• 42. Ingredients of Strike Cessation of Work:- This is most significant characteristic of the concept of strike. It has been variedly expressed as ‘stoppage‘, ‗omission of performance of duties suspension of work, refusing or failing to return to or resume employment . Thus what required for strike is that there must be stoppage of work or there must be refusal to continue to work.Refusal must be concerted or under a common understanding. 1. The cessation of work may take any form. It must, however, be temporary and not for ever and it must be voluntary. 2. No duration can be fixed for this. Permanent cessation of work would result in termination of the contract of work. Cessation of work is not a cessation of contract of employment.
  • 43. Concerted action Another important ingredient of the strike is a concerted action. The workers must act under a common understanding. The cessation of work by a body of persons employed in any industry in combination is a strike. Thus in a strike it must be proved that there was cessation of work or stoppage of work under a common understanding or it was a concerted action of the workers or there was cessation of work by workers acting in combination.
  • 44. Lockouts Section 2(1) of the Industrial Disputes Act, 1947 defines ―Lock-out‖ as the closing of a place of business of employment or the suspension of work, or the refusal by an employer to continue to employ any number of persons employed by him. It is declared by employers to put pressure on their workers. It is counterpart of a strike. lockout may happen for several reasons. When only part of a trade union votes to strike, the purpose of a lockout is to put pressure on a union by reducing the number of members who are able to work.
  • 45. Every employer has the option to lock out workers, if – 1) a dispute has been referred to a council or the Commission for Conciliation, Mediation and Arbitration (CCMA); a certificate that a dispute remains unresolved has been issued; 30 days have elapsed since the referral; and II ) 48 hours‘ written notice of a strike is given to a. the employer; or b. a council (if the dispute relates to a collective agreement to be concluded in a council); or c. to an employers‘ organisation (if the employer is a member of an organisation that is a party to the dispute); or III) 48 hours‘ written notice of a lockout is given to a. the trade union; or b. to the workers (if they are not trade union members); or c. a council (if the dispute relates to a collective agreement to be concluded in a council)
  • 46. During legal lockouts, employers may – not have civil legal proceedings brought against them during legal lockouts; and recover the monetary value of payment in kind through civil proceedings in the Labor Court after legal lockouts.
  • 47. Layoff Layoff implies temporary removal of an employee from the payroll of the organization due to circumstances beyond the control of the employer. It may last for an indefinite period. But the employee is not terminated permanently and is expected to be called back in future. The employer employee relationship does not come to an end but is merely suspended during the period of layoff. It is temporary denial of employment. The purpose of layoff is to reduce the financial burden on the organization when the human resources cannot be utilized profitably.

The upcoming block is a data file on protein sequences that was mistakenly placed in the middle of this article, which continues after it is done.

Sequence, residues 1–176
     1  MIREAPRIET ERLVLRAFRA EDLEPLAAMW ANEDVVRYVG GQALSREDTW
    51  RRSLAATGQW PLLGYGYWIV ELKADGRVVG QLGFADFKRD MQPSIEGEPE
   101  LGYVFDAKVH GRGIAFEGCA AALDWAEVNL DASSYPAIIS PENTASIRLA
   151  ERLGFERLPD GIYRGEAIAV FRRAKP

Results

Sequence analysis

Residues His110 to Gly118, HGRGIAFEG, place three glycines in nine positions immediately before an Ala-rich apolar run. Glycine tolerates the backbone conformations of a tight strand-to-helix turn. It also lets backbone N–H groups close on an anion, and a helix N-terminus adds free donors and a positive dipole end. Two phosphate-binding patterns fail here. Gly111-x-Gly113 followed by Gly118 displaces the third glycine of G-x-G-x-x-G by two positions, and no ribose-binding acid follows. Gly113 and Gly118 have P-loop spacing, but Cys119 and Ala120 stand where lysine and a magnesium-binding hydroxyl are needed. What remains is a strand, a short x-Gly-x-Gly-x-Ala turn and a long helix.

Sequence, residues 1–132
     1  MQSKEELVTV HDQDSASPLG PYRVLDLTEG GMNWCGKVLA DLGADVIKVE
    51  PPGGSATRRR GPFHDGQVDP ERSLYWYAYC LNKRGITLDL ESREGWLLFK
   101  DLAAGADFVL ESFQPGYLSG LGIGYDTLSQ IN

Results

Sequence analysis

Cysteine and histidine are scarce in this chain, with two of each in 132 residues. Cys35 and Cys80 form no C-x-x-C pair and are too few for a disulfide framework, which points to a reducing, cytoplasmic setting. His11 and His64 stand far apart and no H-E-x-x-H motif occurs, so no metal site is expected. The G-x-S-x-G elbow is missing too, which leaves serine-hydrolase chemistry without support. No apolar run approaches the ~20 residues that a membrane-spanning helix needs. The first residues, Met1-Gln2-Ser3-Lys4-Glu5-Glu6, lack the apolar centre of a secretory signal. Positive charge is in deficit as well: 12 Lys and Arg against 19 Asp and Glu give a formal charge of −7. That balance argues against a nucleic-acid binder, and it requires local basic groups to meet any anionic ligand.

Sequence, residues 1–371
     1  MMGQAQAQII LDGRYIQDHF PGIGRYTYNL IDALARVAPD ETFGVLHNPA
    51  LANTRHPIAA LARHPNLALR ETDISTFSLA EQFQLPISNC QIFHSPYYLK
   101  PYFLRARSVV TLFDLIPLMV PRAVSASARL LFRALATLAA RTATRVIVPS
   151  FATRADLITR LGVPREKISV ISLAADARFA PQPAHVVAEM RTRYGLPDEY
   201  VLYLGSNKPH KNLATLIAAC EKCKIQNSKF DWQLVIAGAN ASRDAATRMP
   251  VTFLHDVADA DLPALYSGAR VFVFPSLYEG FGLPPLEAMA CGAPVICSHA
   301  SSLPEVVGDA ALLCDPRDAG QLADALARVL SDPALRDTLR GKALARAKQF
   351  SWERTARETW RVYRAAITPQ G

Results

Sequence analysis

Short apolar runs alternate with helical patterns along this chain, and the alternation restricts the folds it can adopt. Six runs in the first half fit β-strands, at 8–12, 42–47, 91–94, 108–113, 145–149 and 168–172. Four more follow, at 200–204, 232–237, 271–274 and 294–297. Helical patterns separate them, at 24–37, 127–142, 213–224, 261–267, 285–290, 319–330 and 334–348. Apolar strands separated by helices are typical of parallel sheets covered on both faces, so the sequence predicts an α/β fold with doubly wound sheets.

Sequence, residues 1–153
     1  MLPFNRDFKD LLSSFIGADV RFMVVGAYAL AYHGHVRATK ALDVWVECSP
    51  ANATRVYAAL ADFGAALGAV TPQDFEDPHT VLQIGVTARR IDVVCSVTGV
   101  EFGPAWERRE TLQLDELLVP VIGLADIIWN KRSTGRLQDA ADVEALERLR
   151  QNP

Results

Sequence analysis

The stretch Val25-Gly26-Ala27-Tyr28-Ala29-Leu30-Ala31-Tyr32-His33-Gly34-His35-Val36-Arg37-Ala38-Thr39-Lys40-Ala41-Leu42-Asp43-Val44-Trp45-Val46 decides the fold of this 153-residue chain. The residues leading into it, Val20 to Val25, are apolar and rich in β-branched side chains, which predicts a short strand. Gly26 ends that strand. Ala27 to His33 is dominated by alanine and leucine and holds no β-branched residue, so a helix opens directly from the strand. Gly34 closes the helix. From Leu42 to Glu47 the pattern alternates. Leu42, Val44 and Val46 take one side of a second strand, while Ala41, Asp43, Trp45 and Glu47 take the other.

• 48. Under Section 2(KKK) of the Industrial Disputes Act, 1947, layoff is defined as ―the failure, refusal or inability of an employer, on account of shortage of coal, power or raw materials or accumulation of stocks or breakdown of machinery or by any other reason, to give employment to a workman whose name appears on the muster rolls of his industrial establishment and who has not been retrenched‖. Layoff is restored in cyclical and seasonal industries. In mines workers are laid off due to excess of inflammable gas, flood, fire and explosion.
  • 49. According to Section 25(c) of the Industrial Disputes Act, 1947, a laid off worker is entitled to compensation equal to 50 per cent of the basic wages and dearness allowance that would have been payable to him had he not been laid off. However, in order to claim this compensation, the laid off workman must satisfy the following conditions: a) he should not be a badli or a casual worker, b) his name must appear on the muster rolls of the industrial establishment, c) he must have completed not less than one year of continuous service, and d) he must present himself for work at the appointed time during normal working hours at least once a day.
  • 50. Retrenchment Retrenchment means permanent termination of service of an employee for economic reasons in a going concern. The Industrial Disputes Act, 1947 defines retrenchment as the ―termination by the employer of the services of workman for any reason other than termination of services as punishment given by way of disciplinary action, or retirement either voluntary or reaching age of superannuation, or continued ill-health or the closure and winding up of a business‖. The Act lays down the following conditions for retrenchment. 1.The employee must be given one month‘s notice in writing indicating the reasons for retrenchment or wages in lieu of such notice. 2. The employee must be paid compensation equal to 15 days for every completed year of service. 3. Notice in the prescribed manner must be served on the appropriate Government authority. 4. In the absence of any agreement to the contrary, the worker employed last must be terminated first.